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Ticks and Your pet


The Facts on Ticks

Ticks are disease carrying vectors that can infect our pets as well as us. Ticks find their hosts by detecting animals´ breath and body odors, or by sensing body heat, moisture, and vibrations. Some species can even recognize a shadow. In addition, ticks pick a place to wait by identifying well-used paths. Then they wait for a host, resting on the tips of grasses and shrubs. Ticks can't fly or jump, but many tick species wait in a position known as "questing".

In addition to Lyme disease, ticks also carry ehrlichiosisanaplasmosisRocky Mountain spotted fever and others. There’s simply no way for pet owners to tell if a tick is carrying disease or not, and it only takes one tick bite to infect your dog. Also, some ticks are known to carry more than one of these diseases, which can lead to multiple infections, or co infection. Tick season runs from April to November and may first appear as soon as the temperature is above 7 degrees. 

How Do Ticks Transfer Disease?

Ticks transmit pathogens that cause disease through the process of feeding.

-Ticks attach to your pet and insert their feeding tube via their mouth. . Many species also create a cement like substance that keeps them firmly attached

-A tick will suck the blood slowly for several days. If the host animal has a blood borne infection, the tick will ingest the pathogens with the blood.

-The tick will then need another blood meal and attach to another unsuspecting host. It will then transmit any blood borne disease it received from feeding on the initial infected host.

 -A tick must be attached for at least 24 hours before transmitting disease. 

Life Cycle of Ticks

Most ticks go through four life stages: egg, six-legged larva, eight-legged nymph, and adult. After hatching from the eggs, ticks must eat blood at every stage to survive. Ticks that require this many hosts can take up to 3 years to complete their full life cycle, and most will die because they don't find a host for their next feeding. Ticks can feed on mammals, birds, reptiles, and amphibians. Most ticks prefer to have a different host animal at each stage of their life, as shown below:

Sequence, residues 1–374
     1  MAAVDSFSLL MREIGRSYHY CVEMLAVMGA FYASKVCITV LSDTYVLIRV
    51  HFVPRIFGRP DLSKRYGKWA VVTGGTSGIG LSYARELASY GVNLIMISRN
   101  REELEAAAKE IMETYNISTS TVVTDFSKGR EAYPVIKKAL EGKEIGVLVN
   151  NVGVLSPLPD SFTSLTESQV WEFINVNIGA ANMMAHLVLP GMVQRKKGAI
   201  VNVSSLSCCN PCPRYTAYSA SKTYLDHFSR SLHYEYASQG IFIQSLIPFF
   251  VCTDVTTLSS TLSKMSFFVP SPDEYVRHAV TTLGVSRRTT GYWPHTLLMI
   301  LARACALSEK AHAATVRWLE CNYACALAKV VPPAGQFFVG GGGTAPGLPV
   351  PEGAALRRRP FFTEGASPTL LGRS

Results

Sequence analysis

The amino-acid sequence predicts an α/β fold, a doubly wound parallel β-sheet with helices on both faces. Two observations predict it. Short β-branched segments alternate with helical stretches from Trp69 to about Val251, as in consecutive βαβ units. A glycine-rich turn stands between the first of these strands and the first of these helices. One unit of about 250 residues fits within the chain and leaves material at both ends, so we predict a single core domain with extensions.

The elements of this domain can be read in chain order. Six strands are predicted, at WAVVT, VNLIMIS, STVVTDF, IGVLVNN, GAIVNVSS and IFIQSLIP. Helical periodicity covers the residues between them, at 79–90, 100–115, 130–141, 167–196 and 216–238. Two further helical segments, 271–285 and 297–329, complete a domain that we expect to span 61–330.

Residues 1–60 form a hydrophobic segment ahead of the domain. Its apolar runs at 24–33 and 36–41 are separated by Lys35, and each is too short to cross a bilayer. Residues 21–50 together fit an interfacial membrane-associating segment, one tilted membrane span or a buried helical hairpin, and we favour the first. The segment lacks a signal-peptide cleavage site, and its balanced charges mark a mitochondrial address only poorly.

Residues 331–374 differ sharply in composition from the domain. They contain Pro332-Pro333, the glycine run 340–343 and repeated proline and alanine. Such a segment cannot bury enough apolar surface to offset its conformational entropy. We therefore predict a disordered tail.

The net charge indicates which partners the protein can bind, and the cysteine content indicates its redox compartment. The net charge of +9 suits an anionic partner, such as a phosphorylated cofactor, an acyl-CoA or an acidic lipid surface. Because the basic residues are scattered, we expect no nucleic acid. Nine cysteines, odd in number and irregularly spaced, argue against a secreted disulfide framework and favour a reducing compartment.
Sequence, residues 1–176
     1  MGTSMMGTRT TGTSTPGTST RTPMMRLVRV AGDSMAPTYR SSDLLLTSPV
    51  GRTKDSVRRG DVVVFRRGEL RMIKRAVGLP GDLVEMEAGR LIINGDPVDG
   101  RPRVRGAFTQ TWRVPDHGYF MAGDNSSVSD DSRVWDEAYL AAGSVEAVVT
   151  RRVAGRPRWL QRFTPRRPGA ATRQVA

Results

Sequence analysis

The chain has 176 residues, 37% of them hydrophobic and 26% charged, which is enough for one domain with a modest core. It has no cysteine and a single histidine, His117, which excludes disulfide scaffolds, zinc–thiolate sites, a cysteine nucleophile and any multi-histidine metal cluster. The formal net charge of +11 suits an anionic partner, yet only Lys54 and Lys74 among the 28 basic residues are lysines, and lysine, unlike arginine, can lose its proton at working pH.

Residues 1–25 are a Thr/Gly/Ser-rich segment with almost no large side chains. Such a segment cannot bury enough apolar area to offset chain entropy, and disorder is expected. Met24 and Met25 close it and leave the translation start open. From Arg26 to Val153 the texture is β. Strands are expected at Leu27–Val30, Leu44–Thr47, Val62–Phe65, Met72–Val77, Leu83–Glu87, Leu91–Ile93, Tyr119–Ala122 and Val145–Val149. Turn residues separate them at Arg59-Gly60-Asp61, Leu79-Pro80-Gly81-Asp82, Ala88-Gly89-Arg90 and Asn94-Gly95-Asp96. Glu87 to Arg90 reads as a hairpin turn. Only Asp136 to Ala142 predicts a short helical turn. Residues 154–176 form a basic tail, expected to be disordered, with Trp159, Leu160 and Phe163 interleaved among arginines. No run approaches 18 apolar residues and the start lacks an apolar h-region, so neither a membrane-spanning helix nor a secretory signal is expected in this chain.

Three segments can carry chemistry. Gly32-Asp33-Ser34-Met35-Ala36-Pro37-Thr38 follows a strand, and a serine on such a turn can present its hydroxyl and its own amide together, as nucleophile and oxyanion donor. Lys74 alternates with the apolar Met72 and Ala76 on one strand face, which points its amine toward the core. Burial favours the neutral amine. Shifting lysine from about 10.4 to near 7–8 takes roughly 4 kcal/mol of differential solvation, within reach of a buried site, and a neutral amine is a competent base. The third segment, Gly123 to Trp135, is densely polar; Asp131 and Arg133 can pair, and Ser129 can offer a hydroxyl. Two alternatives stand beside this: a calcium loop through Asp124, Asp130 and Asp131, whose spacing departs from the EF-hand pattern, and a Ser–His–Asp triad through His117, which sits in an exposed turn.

Types of Ticks

There are 4 different species of ticks that reside in Canada. The Brown Dog Tick, Western Black Legged Tick, American Dog Tick, and the Lone Star Tick. The most common tick in southern Ontario is the American Dog Tick and is considered a high risk where ever woodland exists.  While ticks can carry many diseases, it is the Western Black Legged Tick that is responsible for transmitting Lyme. 

What areas do I need to worry about?

One of the first things you can do to protect your dog is to learn about the ticks and diseases in your area. This way you’ll better understand the risks your dog is likely to encounter in his or her daily adventures.  If your dog goes off leash in wooded areas or areas of tall grass, your pet is at risk.  Ticks can be found along the river where you walk your dog, up at the cottage, or in your backyard. The following list is areas provided by Health Canada where ticks are endemic.

- Point Pelee

- Rondeau Provinical Park

- Turkey  Point

- Long Point

- Wainfleet Bay / Welland

- Prince Edward Point

- Thousand Islands national Park

Tick Prevention

There are veterinary recommended products available to keep ticks off your dog.  Some products are designed to prevent the tick from attaching to your pet and act as a repellent. Other products are designed to kill them once they have had a blood meal killing them upon ingestion of blood.  We are here to help you make the most informed decision about your pet’s tick prevention. Please contact us to make a seasonal plan for your pet. 

How To Perform A Tick Check

After an outing into high risk areas, it is important to check your pet for any ticks In high risk areas it is important to perform a tick check daily.

A proper tick check consists of the following

-Brush your fingers through their fur applying enough pressure to feel any small bumps.

-Be sure to check between your dog’s toes, behind ears, under armpits, and around the tail and head too.

-If you do feel a bump, pull the fur apart to see what’s there. A tick that has embedded itself in your dog will vary in size, something from the size of a pinhead to a grape depending on how long it’s been attached. 

What If I Find a tick?

-Prompt removal of ticks from your pet’s skin will help prevent infection and transmission of many diseases.

-Do not squeeze the tick or put anything on the site. Call your veterinarian immediately to have the tick removed and identified.

-If your veterinarian is not accessible, us fine tipped tweezers to grasp the tick as close to the skin’s surface as possible.

-Pull upward with steady even pressure. Do not twist or jerk this can cause the mouthparts to break off and remain in the skin. IF this happens remove the mouth parts with tweezers.

-If you find any ticks that have fallen off of your pet, keep the sample and bring in for identification.

-Identifying the tick is the key factor in identifying your pet’s risk of exposure to tick related diseases. 

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